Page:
Seeding a New Year of Growth
By Himanee Gupta-Carlson
Let’s be honest: As snow blankets the ground and overnight lows dip below zero, going outdoors to garden is probably not on your mind. If you’re like me, you’re most likely keeping yourself warm by a fire.
One of my favorite things about winter, however, is dreaming about spring and the opportunity to create new growth. Aiding those dreams is the stack of seed catalogs that start arriving in my mailbox around mid-November. These catalogs tantalize my taste buds almost as much as my weekly visits to the Saratoga Farmers’ Market do. They expose me to an array of vegetables, herbs, and fruits. They introduce me to historic heirloom varieties and help me imagine what might prosper in my backyard.
For many farmers, winter is a time of rest. Perusing seed catalogs with notebooks, spreadsheets, and garden layouts nearby make that time more pleasurable.
“The catalogs are a great tool,” says Paul Arnold of Pleasant Valley Farm. “They help you see what will do well in our climate and can encourage you to try new things.”
The catalogs are booklets – often filled with photos – that describe varieties of seeds that suppliers of seeds produce for farmers, homesteaders, and gardeners. They often include growing tips, histories of particular varieties, and user reviews. You can visit seed company websites online and request their free catalogs. Most companies now offer online catalogs, as well.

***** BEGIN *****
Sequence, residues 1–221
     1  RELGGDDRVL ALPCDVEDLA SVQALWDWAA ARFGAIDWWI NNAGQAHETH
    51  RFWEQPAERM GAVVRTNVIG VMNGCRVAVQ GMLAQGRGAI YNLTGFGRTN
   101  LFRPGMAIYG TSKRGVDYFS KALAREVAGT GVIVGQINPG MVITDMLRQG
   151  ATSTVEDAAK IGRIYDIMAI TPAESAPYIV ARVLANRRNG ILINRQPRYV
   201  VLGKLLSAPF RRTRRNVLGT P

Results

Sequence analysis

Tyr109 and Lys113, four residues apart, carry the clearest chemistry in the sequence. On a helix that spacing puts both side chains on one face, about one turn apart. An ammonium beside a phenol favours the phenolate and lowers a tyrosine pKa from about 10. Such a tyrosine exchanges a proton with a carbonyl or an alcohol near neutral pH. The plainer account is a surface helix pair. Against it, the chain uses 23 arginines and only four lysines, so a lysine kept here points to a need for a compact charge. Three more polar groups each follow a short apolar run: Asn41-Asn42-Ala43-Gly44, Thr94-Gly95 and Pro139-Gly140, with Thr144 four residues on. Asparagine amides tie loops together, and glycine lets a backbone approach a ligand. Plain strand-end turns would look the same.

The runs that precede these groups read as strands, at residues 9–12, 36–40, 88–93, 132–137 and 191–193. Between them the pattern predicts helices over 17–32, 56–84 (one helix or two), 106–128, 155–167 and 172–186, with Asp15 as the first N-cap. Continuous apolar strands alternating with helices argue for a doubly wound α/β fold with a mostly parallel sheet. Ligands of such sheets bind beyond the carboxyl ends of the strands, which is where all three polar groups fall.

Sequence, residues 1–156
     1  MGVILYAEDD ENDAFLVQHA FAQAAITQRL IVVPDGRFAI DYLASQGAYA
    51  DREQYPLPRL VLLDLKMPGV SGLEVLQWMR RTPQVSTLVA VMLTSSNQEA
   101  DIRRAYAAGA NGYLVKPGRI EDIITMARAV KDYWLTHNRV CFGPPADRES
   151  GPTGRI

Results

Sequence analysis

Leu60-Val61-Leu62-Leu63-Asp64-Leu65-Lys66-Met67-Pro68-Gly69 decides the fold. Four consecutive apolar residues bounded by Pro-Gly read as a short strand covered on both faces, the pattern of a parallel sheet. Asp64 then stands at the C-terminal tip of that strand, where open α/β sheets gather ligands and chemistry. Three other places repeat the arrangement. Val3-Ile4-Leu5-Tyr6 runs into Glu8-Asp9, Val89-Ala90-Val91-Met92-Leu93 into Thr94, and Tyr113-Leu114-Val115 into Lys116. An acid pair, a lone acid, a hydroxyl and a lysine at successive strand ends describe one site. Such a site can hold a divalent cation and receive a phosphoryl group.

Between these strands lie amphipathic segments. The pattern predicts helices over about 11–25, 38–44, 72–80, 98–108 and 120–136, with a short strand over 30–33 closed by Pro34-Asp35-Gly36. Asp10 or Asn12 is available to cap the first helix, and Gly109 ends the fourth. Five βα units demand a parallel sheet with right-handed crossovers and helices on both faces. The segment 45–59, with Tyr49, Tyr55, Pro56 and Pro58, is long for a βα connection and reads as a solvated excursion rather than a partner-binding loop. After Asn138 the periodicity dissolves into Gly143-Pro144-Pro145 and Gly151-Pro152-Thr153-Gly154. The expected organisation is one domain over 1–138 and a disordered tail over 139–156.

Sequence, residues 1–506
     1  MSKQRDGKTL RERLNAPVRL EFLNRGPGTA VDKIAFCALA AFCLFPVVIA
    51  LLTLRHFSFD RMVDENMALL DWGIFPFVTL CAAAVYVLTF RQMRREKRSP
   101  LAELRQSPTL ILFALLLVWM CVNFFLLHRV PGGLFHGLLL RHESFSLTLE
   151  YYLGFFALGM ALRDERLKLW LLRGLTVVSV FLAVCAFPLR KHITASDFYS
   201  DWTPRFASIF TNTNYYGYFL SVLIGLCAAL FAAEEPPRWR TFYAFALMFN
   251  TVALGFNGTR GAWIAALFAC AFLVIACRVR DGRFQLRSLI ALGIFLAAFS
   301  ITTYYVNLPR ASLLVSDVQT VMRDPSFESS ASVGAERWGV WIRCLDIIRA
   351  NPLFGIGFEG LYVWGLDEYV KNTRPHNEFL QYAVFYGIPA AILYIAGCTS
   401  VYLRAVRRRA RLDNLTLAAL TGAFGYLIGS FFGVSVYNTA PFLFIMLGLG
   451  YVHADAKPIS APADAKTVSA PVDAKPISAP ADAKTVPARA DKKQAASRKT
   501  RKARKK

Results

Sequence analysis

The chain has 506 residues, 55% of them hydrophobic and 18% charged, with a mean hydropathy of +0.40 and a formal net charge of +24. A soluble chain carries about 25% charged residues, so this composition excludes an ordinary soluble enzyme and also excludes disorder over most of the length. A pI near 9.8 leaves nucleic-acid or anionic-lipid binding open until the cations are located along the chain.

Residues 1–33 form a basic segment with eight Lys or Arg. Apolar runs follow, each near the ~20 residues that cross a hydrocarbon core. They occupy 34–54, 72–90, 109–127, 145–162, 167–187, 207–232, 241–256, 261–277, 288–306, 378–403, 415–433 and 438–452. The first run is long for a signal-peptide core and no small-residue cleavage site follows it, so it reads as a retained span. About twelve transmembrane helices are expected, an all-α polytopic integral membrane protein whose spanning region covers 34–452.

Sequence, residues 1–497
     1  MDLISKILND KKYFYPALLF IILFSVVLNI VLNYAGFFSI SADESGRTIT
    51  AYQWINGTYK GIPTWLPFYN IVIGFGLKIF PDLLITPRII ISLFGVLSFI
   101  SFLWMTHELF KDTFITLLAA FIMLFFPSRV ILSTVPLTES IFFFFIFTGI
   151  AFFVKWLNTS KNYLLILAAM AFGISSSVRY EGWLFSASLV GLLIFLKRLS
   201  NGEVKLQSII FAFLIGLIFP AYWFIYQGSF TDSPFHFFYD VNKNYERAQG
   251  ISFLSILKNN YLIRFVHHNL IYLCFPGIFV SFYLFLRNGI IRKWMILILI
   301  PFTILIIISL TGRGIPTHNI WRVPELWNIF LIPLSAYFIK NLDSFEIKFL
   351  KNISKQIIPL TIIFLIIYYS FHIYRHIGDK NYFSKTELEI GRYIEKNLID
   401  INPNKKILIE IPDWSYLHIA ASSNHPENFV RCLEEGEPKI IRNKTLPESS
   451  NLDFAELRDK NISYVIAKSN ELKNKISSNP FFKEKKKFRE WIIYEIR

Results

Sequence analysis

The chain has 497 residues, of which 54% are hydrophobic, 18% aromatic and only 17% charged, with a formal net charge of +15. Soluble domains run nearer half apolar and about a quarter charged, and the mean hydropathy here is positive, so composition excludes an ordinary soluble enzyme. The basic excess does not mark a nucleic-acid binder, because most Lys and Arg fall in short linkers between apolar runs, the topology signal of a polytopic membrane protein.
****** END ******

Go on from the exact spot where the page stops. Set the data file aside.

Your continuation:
Arnold recommends Johnny’s Selected Seeds, an employee-owned cooperative based in Maine, and High Mowing Organic Seed Co., which is based in Vermont. Both have a strong record of producing seeds for varieties that thrive in our colder, northern climate, and are among the 370 companies worldwide that have signed a commitment to raise non-GMO seeds.
Besides Johnny’s and High Mowing, I also like Hudson Valley Seed Co. and Fruition Seeds, both of whom are based in New York, Baker Creek Heirloom Seed Co., and the Seed Savers Exchange. Many of these companies will have representatives at this weekend’s Northeast Organic Farming Association of New York’s winter conference at the Saratoga Hilton, which you can register to attend to learn more about seeds as well as farming and gardening.
Visit the Saratoga Farmers’ Market 9 a.m.-1 p.m. Saturdays at the Lincoln Baths Building in Saratoga Spa State Park; follow us on Twitter, Facebook, and Instagram; and contact email@example.com for volunteer opportunities.